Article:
Yes, No, Maybe So
by Christopher A. Ferrara
Octover 9, 2015
In my last column I noted that the Vatican Press Office dismissed as insignificant the Pope’s meeting with Kim Davis at the Vatican embassy in Washington, with Father Lombardi noting: “The only real audience granted by the Pope at the Nunciature was with one of his former students and his family.”
The only “real audience” happened the day before when the Pope’s “former student,” a 67-year-old homosexual named Yayo Grassi and his “boyfriend,” who looked to be half his age, received hugs and kisses on the cheek from Francis. It was all captured on a video later broadcast by CNN.
This was no perfunctory encounter but rather, as CNN reports, was “arranged personally with the Pope via email in the weeks ahead.” Moreover, as Grassi told the press — without contradiction by Father Lombardi — “Three weeks before the trip, he [Francis] called me on the phone and said he would love to give me a hug.” And so he did. And a kiss on the cheek. And a hug and a kiss for the “boyfriend” as well.
Looking at the nightmarish tableau on the video, one might be tempted to think that Francis could not have known whom he was embracing and what that embrace would signify to the world. And one would be wrong: “Grassi said the Pope has long known that he is gay, but has never condemned his sexuality or his same-sex relationship. ‘He has never been judgmental,’ Grassi said. ‘He has never said anything negative.’” Moreover, as CNN notes: “In the video, Francis says he recalls meeting Grassi's boyfriend in Rome.”
Does this mean Francis — the very Vicar of Christ — is demonstrating his acceptance of “homosexual unions” and “valuing” the homosexual “orientation” as recommended by the midterm report of Phony Synod 2014, a document he approved and ordered published to the world? The answer — thematic of the entire pontificate — is Yes, No, Maybe So. Francis has consistently said one thing and then another, or said one thing and then done another, or done one thing and then done another.
In this case, as National Geographic reports, Grassi complained by email to the future Pope back in 2010 when Cardinal Bergoglio reportedly told some Carmelite nuns in a private letter that “gay marriage” is “the work of the devil.” Wrote Grassi to his beloved progressive friend: “You have been my guide, continuously moving my horizons — you have shaped the most progressive aspects of my worldview. And to hear this from you is so disappointing.”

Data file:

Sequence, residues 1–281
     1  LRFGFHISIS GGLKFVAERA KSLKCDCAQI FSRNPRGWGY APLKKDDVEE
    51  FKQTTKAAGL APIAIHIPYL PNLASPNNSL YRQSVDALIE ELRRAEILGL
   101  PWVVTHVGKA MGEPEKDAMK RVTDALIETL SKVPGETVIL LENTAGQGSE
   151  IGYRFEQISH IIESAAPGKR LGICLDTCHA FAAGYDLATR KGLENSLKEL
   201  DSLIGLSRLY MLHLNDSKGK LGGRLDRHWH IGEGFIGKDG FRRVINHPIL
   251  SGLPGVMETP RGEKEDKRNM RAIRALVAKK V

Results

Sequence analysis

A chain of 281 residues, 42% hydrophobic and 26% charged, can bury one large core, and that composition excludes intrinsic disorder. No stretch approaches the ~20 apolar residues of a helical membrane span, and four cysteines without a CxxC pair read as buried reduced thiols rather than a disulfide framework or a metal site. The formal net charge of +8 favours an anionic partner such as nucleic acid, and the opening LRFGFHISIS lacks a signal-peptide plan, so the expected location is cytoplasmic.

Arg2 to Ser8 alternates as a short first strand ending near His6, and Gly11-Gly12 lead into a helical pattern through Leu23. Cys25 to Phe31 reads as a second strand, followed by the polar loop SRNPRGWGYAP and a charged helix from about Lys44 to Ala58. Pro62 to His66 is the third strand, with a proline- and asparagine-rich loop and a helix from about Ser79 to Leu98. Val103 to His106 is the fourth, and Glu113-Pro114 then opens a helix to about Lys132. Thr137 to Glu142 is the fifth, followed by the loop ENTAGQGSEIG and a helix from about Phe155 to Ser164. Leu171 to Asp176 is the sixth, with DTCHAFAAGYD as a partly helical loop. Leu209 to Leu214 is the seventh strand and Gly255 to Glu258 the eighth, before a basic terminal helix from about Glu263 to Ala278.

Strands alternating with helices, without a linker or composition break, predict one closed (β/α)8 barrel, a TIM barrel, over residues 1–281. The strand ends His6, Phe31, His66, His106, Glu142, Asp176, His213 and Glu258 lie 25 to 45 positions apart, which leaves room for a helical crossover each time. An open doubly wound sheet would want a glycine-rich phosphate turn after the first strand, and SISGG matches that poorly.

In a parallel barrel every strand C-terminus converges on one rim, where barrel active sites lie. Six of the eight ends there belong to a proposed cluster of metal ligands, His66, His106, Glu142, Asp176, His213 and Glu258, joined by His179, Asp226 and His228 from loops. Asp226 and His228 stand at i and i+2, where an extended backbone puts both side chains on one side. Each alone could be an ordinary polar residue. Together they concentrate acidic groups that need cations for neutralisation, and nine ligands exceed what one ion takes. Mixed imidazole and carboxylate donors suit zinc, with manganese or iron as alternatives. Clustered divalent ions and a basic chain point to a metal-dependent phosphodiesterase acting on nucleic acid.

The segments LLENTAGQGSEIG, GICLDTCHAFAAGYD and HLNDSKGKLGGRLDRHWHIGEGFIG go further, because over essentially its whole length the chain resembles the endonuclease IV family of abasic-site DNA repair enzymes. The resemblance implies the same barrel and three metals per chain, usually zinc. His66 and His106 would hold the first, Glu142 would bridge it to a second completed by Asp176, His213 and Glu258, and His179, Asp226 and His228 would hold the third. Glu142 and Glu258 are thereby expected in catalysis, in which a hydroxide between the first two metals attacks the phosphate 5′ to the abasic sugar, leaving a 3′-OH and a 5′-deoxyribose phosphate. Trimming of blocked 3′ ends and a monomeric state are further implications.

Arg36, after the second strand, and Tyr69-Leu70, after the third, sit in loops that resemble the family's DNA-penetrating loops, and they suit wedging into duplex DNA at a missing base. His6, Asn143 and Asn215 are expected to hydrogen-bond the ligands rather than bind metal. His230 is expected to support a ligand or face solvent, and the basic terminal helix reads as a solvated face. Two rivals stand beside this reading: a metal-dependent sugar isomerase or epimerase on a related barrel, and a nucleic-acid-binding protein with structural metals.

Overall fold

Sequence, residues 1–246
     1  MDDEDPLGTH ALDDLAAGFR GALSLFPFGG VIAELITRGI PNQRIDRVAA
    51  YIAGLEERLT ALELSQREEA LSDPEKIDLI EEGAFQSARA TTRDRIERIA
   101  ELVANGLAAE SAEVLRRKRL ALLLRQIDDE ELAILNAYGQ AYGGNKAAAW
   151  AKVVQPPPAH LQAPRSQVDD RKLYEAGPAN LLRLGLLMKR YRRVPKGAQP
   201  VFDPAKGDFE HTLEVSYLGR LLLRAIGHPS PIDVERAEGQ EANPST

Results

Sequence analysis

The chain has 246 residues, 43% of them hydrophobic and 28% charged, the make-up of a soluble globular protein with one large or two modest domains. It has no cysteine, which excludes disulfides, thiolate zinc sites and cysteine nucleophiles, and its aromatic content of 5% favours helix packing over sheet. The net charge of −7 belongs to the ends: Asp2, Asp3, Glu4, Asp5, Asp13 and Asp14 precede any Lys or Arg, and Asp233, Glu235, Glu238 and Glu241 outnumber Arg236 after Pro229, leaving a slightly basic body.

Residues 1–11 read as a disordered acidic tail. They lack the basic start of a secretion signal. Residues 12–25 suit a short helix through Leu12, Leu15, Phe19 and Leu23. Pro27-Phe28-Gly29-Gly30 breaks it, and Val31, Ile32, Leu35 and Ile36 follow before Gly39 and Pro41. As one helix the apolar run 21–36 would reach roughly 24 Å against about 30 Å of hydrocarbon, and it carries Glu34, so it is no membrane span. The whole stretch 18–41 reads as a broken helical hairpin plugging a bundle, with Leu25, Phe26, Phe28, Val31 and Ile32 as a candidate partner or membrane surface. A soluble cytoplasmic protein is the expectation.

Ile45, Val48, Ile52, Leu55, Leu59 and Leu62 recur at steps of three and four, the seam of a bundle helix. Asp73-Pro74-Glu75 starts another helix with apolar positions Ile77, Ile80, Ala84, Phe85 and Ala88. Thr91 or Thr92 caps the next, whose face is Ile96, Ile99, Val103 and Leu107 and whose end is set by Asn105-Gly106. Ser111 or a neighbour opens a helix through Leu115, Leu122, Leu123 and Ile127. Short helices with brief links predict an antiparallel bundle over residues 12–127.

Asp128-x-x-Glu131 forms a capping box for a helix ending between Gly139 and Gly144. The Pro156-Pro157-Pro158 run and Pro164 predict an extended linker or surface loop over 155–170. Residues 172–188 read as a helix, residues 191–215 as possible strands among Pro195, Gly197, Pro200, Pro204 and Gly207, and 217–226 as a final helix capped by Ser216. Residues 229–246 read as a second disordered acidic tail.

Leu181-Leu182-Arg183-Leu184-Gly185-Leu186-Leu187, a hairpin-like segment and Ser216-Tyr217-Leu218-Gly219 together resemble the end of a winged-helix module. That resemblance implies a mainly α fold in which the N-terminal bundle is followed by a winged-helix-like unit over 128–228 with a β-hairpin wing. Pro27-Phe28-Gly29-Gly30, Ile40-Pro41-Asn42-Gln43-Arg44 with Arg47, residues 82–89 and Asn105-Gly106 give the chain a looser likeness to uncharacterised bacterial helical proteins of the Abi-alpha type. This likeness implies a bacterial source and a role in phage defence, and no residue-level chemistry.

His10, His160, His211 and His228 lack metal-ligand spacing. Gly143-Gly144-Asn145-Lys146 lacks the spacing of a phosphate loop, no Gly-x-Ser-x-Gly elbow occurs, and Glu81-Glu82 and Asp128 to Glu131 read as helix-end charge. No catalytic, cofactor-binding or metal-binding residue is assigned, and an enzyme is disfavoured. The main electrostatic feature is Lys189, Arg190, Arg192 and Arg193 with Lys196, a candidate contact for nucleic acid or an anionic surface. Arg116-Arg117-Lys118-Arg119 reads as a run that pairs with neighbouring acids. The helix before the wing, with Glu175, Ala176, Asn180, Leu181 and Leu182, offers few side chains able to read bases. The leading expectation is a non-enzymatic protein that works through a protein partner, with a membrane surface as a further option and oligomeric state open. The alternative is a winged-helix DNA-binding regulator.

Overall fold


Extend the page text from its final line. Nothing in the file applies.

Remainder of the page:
Bergoglio hastened to reply by email (dispatched by one of his assistants as he is not tech savvy). As National Geographic notes, he “began by saying that he had taken Grassi’s words to heart. The Catholic Church’s position on the subject of marriage was what it was. Still, it pained Bergoglio to know that he had upset his student. Grassi’s former maestrillo [teacher] assured him that the media had badly misconstrued his position. Above all, said the future pope in his reply, in his pastoral work, there was no place for homophobia.” What is that supposed to mean? Who knows?
So, in one letter Bergoglio told the sisters that “gay-marriage” is the work of the devil — or more accurately “a ‘move’ of the father of lies” — but in another letter to his “gay” friend and former student he said that his statement to the sisters had been “misconstrued” by the press and that he is no “homophobe.” How exactly did the press “misconstrue” the phrase “a move of the father of lies”? It didn’t, of course. The Cardinal was merely issuing a politician-style disclaimer of his own words.
By the same token, Francis met with Kim Davis, courageous opponent of “gay marriage,” but only after having already met with two “gay partners,” hugging and kissing them both as part of a long relationship with one of them during which Francis had never even intimated that sodomy and “homosexual unions” are gravely immoral. And the meeting with Davis was minimized as merely a brief, friendly encounter in no way to be taken as a sign of opposition to “gay marriage.”
This much, however, is clear: the Pope warmly greeted, embraced and kissed on the cheeks a homosexual and his “partner.” The Pope treats these perverse relationships as if there were nothing wrong with them (having previously warmly embraced a woman who had herself surgically mutilated and her “fiancée,” personally invited to the Vatican by Francis for one of his hugs). Thus, every other member of the hierarchy — indeed, every Catholic — will be expected to behave likewise, no matter what Francis might have said before or might say later by way of purely verbal opposition to “gay marriage.”
And so it goes. On and on, round and round, left and right, stop and go, forward and back, as the Vatican Press Offices issues one useless “clarification” after another. I am reminded of the assessment by a fellow Argentinian within hours of Cardinal Bergoglio’s election to the papacy — an assessment as accurate at it was harsh:
Famous for his inconsistency (at times, for the unintelligibility of his addresses and homilies), accustomed to the use of coarse, demagogical, and ambiguous expressions, it cannot be said that his magisterium is heterodox, but rather non-existent for how confusing it is….
May God help His Church. One can never dismiss, as humanly hard as it may seem, the possibility of a conversion... and, nonetheless, the future terrifies us.
I was appalled by these remarks at the time, when I had nothing but praise for Francis. But now, to my own amazement, and with the morally seditious Synod of Doom underway — a ghost ship filled with awful cargo and Francis at the helm — I am forced to conclude that this early critic of the pontificate was putting it rather mildly.
Our Lady of Fatima, come to our aid!